Cannabis is a plant that represents an opportunity for some…but pain for other various members of Indian Country and its roughly 573 nations. An opportunity exists in the form of hemp at this time. However, different tribal nations have gotten involved in legal marijuana despite being shut out of state-approved marketplaces.
In other cases, nations have no interest in getting involved with the plant or its markets. Be it generational abstention, or a history of addiction and oppression, many want nothing to do with cannabis. In either case, many of the 5.6 million Native Americans today still see the plant as something that brings problems and destruction to lives and families.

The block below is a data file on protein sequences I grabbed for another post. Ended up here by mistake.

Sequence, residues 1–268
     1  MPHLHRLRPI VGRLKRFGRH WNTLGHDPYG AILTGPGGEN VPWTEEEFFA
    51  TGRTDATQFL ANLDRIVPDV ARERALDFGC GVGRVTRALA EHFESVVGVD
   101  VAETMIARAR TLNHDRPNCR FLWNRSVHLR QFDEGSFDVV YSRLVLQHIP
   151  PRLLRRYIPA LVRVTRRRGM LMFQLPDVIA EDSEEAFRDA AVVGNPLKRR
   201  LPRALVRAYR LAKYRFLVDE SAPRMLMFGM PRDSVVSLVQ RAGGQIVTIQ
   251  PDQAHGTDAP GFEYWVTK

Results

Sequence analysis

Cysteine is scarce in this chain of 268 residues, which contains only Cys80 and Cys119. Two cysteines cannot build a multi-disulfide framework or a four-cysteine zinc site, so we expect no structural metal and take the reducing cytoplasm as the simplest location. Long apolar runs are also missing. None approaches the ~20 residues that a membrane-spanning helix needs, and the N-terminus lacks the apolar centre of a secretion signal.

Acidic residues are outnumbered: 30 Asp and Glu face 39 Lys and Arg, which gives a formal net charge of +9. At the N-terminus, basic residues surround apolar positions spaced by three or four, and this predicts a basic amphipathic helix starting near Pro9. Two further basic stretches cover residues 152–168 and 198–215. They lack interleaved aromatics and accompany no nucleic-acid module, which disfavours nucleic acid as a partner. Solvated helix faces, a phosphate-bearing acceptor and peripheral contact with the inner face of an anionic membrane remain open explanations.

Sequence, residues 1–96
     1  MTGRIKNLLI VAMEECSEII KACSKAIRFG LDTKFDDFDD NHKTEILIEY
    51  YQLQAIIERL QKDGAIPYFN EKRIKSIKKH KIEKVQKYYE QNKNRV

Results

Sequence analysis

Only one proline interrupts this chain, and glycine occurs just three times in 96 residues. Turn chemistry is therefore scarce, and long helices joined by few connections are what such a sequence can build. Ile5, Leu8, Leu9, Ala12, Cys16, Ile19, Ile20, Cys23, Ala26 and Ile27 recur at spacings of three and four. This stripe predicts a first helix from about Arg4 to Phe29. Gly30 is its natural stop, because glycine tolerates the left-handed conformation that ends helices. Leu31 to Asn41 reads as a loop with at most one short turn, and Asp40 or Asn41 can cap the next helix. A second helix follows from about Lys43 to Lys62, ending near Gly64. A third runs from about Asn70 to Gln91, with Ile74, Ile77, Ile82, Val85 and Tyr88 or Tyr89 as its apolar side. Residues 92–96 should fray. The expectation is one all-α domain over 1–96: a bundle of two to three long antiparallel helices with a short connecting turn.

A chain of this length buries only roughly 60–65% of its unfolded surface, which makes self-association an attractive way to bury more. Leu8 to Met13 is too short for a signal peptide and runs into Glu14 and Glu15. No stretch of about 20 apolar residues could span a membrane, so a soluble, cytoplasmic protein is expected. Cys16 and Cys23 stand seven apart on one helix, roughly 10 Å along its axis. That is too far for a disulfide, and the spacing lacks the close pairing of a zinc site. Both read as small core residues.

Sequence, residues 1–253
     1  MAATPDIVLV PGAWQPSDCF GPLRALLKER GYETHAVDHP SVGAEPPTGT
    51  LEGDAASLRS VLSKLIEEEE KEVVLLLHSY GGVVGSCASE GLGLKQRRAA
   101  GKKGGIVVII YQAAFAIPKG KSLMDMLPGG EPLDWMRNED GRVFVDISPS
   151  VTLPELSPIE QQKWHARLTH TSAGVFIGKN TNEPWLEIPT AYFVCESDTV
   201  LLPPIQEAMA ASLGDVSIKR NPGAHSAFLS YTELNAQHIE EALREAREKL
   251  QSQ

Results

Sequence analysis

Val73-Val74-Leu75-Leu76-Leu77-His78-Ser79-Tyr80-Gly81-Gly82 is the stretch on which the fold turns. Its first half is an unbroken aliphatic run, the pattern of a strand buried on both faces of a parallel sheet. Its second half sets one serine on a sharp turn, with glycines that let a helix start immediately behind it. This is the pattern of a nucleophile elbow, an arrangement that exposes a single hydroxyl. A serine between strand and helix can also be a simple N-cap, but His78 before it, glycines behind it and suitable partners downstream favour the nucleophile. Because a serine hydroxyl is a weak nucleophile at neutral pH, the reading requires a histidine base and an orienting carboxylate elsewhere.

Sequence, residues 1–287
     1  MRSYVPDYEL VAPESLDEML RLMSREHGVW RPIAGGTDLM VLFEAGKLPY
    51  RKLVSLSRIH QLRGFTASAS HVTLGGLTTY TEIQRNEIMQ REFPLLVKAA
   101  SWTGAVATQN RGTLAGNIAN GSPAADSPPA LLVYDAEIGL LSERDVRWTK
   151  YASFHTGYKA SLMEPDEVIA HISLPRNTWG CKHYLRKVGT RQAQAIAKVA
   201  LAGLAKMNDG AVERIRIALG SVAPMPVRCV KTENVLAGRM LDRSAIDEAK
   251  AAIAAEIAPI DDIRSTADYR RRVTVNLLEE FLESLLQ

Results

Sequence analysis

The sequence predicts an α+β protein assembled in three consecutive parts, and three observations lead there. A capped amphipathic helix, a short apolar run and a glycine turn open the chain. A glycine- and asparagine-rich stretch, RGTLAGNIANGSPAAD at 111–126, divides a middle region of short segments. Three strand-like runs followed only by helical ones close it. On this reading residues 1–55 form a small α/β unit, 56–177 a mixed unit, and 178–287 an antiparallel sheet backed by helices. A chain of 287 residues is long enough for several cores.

While education efforts are underway to repair the narrative, doing so for a people often isolated from the rest of the public proves to be a difficult undertaking.
A History of Pain Curtails Cannabis Optimism
Just as any country would, not every Indian Country nation agrees on what to do with cannabis. “You’re getting all different walks of life, perspectives, and different views,” said Blue Quisquis, a cannabis and gaming consultant, and a member of San Diego’s San Pasqual Band of Mission Indians.
In some cases, such views began
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